This week’s episode of the podcast features a discussion with video creator, app developer, podcast host and reluctant pitchman Adam Lisagor.
Tagged with “creativity” (6)
Steven Johnson has spent twenty years immersed in creative industries, was active at the dawn of the internet and has a unique perspective that draws on his fluency in fields ranging from neurobiology to new media. In his new book, he identifies the key principles to the genesis of great ideas, from the cultivation of hunches to the importance of connectivity and how best to make use of new technologies. By recognising where and how patterns of creativity occur – whether within a school, a software platform or a social movement – he shows how we can make more of our ideas good ones. This event celebrates the publication of his latest book Where Good Ideas Come From: A Natural History of Innovation.
Freud popularised the term, “The Narcissism of Minor Differences”, to describe how adjacent villages—identical for all practical purposes—would struggle to amplify their tiniest distinctions in order to justify how much they despised one other. So you have to guess how much he would have enjoyed design mailing lists. And, Perl.
Truth is, to the untrained (un-washed, un-nuanced, un-Paul-Rand’d, and un-Helvetica’d) outsider, discourse in the design community can sometimes look a lot like a cluster of tightly-wound Freudian villages.
So, how is the role of design perceived by the people who are using the stuff you make? What role (if any) should users expect in the process of how their world is made and remade? What contexts might be useful in helping us turn all of our obsessions into useful and beautiful work?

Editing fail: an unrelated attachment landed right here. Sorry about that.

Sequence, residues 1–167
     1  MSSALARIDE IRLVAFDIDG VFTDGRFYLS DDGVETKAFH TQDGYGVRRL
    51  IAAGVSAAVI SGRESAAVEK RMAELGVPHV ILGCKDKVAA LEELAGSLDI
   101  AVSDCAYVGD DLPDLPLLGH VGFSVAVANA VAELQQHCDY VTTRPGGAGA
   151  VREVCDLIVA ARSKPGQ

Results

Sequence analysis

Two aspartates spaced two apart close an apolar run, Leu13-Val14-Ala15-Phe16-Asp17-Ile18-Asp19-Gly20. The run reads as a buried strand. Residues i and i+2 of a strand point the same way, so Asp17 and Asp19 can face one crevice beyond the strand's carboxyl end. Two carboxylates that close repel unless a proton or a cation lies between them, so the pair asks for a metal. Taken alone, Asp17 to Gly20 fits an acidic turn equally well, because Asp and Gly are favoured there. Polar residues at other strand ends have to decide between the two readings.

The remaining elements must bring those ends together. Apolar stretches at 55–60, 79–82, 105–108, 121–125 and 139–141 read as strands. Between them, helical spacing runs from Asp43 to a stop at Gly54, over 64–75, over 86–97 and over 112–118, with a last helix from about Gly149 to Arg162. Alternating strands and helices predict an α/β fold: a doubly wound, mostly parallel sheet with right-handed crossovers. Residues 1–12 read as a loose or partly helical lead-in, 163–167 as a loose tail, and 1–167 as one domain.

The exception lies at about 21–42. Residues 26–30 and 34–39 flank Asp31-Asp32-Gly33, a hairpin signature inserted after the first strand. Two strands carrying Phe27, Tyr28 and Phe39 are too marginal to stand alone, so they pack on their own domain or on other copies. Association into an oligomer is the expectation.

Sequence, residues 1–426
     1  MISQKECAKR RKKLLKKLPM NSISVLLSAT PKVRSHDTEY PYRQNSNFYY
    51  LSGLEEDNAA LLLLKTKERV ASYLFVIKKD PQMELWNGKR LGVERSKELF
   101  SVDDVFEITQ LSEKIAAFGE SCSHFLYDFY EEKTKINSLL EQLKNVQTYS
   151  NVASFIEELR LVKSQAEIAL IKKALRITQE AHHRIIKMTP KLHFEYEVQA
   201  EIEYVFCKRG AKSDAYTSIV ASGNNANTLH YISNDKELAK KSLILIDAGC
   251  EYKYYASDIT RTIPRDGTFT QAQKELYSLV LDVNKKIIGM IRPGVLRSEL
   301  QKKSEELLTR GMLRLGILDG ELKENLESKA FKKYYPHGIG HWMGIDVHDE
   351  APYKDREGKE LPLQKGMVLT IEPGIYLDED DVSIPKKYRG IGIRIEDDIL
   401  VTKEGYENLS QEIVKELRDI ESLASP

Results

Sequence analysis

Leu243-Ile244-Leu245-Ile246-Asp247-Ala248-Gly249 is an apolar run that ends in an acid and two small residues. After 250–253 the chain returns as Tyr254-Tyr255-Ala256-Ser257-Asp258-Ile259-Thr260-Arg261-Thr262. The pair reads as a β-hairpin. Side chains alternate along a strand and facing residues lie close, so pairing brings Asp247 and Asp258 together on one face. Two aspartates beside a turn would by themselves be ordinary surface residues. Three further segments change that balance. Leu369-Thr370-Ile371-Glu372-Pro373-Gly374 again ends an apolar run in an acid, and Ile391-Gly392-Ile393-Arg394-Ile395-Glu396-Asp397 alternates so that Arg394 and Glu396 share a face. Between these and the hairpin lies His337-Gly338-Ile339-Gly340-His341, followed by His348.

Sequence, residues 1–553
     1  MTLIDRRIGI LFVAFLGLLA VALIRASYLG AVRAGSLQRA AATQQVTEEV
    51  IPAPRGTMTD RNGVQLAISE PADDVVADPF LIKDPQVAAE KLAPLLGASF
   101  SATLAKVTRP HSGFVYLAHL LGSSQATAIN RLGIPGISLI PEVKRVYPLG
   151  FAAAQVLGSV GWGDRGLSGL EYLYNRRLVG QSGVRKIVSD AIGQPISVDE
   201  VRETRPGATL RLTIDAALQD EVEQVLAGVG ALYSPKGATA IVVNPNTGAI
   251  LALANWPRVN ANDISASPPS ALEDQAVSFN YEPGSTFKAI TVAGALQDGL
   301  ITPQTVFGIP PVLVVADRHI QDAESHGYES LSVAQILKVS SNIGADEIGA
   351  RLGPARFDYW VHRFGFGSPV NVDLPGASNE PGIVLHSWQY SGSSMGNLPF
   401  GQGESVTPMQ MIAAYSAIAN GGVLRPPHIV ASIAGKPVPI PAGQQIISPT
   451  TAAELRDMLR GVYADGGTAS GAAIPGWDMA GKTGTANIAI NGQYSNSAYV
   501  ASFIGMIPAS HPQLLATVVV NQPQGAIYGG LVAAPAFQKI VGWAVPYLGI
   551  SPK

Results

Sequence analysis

Can an Aeron chair ever be truly ‘Black’? Will there ever be a way to get Marketing people to stop calling typefaces ‘fonts’? And, when, at last, will the international community finally speak as one regarding the overuse of Mistral and stock photos of foreshortened Asian women?
By leveraging his uniquely unqualified understanding of design, Merlin will propose some promising patterns for fording the gap between end-users and the unhappy-looking people in costly European eyeglasses who are designing their world.
Is there hope? Come to Brighton, pull up a flawlessly-executed mid-century-Modern seating affordance, and we’ll see what we can figure out together. One village to another.
Merlin Mann is best known as the creator of 43folders.com, a popular American website about finding the time and attention to do your best creative work.
Dan Benjamin talks with Marco Arment, creator of Instapaper and co-founder of Tumblr about inspiration, development, design, creativity, making the transition to independence, and more.
The book "Where Good Ideas Come From: The Natural History of Innovation" explores why certain environments seem to disproportionately spark the generation and sharing of good ideas. Author Steven Johnson joins us.
Why is it that some projects never rise to the level of the talent of those who made it? It’s oft said regarding good work that the whole is greater than the sum of its parts. But sometimes the whole is less than the sum of its parts—a company or team comprised of good people, but yet which produces work that isn’t good.
In his session, John will explain his theory to explain how this happens—in both directions—based on the longstanding collaborative art of filmmaking. Learn how to recognise when a project is doomed to mediocrity, and, more importantly, how best to achieve collaborative success.
John Gruber writes and publishes Daring Fireball, a somewhat popular weblog ostensibly focused on Mac and web nerdery. He has been producing Daring Fireball as a full-time endeavour since April 2006.
He lives in Philadelphia with his wife and son.